Former Atlanta mayor Shirley Franklin will give LaGrange College's 2018 Martin Luther King Jr. address.
The Jan. 16 event is scheduled to start at 4 p.m. in Callaway Auditiorium, 405 Forrest Place in LaGrange.
In 2002, Franklin became the first black woman elected mayor of a major Southern city. She served two terms, leaving office in 2009, and now is president of Clarke-Franklin and Associates, a general management consulting firm in Atlanta.
Franklin was LaGrange College’s commencement speaker in 2009, when she was awarded an honorary doctoral degree.
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“Her record as a trailblazer is renowned, not only in politics and business, but also as a leader in civil and human rights issues,” Dan McAlexander, the college’s president, said in a news release. “She continues our tradition of outstanding MLK speakers, such as Rep. John Lewis, the Rev. Otis Moss Jr. and Freedom Rider Hank Thomas.”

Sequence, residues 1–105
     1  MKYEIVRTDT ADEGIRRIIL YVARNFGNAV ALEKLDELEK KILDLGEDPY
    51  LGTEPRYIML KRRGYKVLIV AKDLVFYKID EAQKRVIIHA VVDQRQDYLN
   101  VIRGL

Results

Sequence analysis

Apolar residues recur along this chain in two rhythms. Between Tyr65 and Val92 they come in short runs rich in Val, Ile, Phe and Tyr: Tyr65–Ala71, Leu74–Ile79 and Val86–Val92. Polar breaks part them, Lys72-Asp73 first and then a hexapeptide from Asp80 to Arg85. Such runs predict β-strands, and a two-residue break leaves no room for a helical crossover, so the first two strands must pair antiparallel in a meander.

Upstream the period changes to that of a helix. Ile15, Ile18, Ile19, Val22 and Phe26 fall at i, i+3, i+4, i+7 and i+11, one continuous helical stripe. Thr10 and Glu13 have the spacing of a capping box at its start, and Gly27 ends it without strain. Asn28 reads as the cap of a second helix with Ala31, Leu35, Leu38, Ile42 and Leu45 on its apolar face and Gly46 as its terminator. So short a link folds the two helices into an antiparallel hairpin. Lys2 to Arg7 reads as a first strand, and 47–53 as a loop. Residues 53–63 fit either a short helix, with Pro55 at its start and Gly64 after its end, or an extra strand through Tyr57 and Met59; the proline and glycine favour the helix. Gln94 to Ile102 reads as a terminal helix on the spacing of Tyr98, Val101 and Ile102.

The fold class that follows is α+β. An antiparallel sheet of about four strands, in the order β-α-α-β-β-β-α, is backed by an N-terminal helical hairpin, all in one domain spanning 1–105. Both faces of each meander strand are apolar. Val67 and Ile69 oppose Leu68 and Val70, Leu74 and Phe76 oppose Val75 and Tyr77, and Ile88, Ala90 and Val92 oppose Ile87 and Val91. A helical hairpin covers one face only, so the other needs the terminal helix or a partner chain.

According to the news release, Franklin’s tenure as mayor “is best known for advocating for and tackling major government operations and ethics reform, launching the Atlanta Beltline, planning and executing more than $5 billion in airport and water infrastructure improvements, leading the acquisition of the Morehouse College Collection of Martin Luther King Jr. Papers, launching the Atlanta Regional Commission on Homelessness and developing successful business and public-sector partnerships and alliances.”
Franklin was a recipient of the 2005 John F. Kennedy Profile in Courage Award for her leadership in restoring fiscal stability and ethical government to Atlanta.
Franklin co-chairs the United Way of Metropolitan Atlanta’s Regional Commission on Homelessness, serves as the chairwoman of the National Center of Civil and Human Rights and serves on the board of the Volcker Alliance, Mueller Water Products and Delta Air Lines.
From 2013 to 2016, she served as the inaugural Barbara Jordan Chair in Ethics and Political Values at the Lyndon Baines Johnson School of Public Affairs at the University of Texas Austin, and from 2010 to 2012 she was a visiting professor in political science at Spelman College.